Graduate opportunities

In the Department of World Languages, Literatures and Cultures at the University of North Texas, we offer course work leading to a Master of Arts degree in French. You'll master language skills through combining required course work and other learning opportunities.

The M.A. degree allows you to teach language courses at a community college, university or in public and private schools. Other options include teaching intensive language programs, working as a translator or interpreter, or in international studies. Teaching intensive language programs can prepare you for working with business professionals and multi-national corporations. You may also work in the tourism industry.

Our faculty members' varied backgrounds include extensive research, travel and study in Europe, Canada and Africa, and involvement in professional organizations.

UNT provides a wide variety of services exclusively to graduate students. The Graduate Student Writing Support office can help you with writing, and the Toulouse Graduate School® offers several professional development workshops. Among the workshops is a Thesis Boot Camp. Many of the workshops are available online for your convenience.

Outstanding learning opportunities

French Summer Institute

The Institute helps you improve your proficiency in French and increase your knowledge of French studies. It also allows individuals who can't enroll in a full-time graduate program for professional reasons to earn an M.A. in French in three to five summers, depending on transfer credit or the minor field.

While participating in the institute on campus, participants speak the target language. You can combine summer courses with courses taken during the fall and spring to complete your degree faster.

World Language Learning Center

The center helps you learn nine different languages. It provides 80 computer workstations, more than 30 software programs for self-study and assignments, multi-language audio and video media, satellite reception of international foreign language programs, presentation equipment and additional materials.

Attending UNT

Admission requirements

You must meet the admission requirements of the graduate school, which are outlined at the graduate school website, in addition to the French program requirements:

  • 12 credit hours of advanced undergraduate work in a chosen language field
  • 1000-word essay in the target language
  • One-page curriculum vitae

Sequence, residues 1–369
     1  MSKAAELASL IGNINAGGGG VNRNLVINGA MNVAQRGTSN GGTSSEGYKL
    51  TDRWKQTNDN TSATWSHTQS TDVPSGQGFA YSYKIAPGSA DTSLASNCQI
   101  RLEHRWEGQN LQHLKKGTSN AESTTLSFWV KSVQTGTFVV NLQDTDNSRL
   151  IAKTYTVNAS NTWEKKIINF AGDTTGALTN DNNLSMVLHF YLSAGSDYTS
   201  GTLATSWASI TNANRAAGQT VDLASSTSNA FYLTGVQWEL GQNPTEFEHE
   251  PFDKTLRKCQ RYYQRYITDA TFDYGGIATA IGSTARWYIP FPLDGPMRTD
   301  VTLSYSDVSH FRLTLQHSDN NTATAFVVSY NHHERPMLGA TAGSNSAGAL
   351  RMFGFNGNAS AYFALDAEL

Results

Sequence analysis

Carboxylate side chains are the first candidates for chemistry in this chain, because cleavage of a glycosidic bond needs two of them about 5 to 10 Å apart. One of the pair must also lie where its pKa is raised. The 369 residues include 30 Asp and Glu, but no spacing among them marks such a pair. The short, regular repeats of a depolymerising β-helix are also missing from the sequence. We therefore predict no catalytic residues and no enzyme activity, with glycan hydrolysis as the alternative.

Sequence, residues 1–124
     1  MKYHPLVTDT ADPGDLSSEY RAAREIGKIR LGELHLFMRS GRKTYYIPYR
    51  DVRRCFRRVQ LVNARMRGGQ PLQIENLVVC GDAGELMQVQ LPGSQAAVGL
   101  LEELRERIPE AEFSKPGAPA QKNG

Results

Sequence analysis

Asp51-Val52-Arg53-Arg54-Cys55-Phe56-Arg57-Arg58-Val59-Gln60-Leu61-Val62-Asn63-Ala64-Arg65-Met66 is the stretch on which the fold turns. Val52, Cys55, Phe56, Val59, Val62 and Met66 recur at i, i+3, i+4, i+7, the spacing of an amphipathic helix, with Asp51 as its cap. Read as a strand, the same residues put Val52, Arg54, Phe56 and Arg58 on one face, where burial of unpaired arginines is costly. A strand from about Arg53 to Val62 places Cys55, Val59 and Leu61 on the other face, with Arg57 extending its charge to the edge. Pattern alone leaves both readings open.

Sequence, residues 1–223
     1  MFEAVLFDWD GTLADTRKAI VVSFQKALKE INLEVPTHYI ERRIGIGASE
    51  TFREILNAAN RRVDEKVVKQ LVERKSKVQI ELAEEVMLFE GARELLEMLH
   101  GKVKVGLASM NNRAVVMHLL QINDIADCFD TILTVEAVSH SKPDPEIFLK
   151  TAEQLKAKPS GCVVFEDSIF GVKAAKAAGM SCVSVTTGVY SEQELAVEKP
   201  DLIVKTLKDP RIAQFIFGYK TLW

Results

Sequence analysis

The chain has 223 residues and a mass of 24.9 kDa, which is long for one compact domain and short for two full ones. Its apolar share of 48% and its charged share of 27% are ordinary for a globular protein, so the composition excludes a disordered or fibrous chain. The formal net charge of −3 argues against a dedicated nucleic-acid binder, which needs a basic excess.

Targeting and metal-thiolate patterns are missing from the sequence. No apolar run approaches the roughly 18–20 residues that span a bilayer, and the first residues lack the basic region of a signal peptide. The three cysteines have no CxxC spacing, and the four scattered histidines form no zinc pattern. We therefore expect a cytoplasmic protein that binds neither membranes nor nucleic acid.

• One letter of recommendation from a French faculty in an advanced course.

Your admission is based on a holistic review of these items including your undergraduate GPA. All factors are weighed equally.

Degree requirements

Master of Arts degree

Thesis option
  • 30 credit hours of course work in the major (may include 6 credit hours of course work in a minor or through transfer)
  • 6 credit hours of thesis
Non-thesis option
  • 36 credit hours of course work in the major (may include 6 credit hours of course work in a minor or through transfer)
  • Written comprehensive exams in your major language are required if you don't select the thesis option

Financial assistance

Graduate fellowships and assistantships are available. Language students may also find part-time employment in the World Language Learning Center or the department office, which requires secretarial skills. Information about other financial assistance programs is at the financial aid website.

Faculty

Christophe Chaguinian, Associate Professor and Director of Graduate Studies; Ph.D. Indiana University. French Medieval literature and culture; Catholicism and religious art in 19th-century France.

Carine Graff, Assistant Professor; Ph.D., Kent State University. Translation Studies.

Marijn S. Kaplan, Professor; Ph.D., University of New Mexico. 17th- and 18th century French literature; women's studies; epistolarity.

Marie-Christine Koop, Professor and Director of the French Summer Institute; Ph.D., Michigan State University. French civilization and culture; social issues and women in France; Quebec society and culture.

Lawrence Williams, Professor; Ph.D., Pennsylvania State University. Applied linguistics; second-language acquisition; technology-enhanced learning; French phonetics.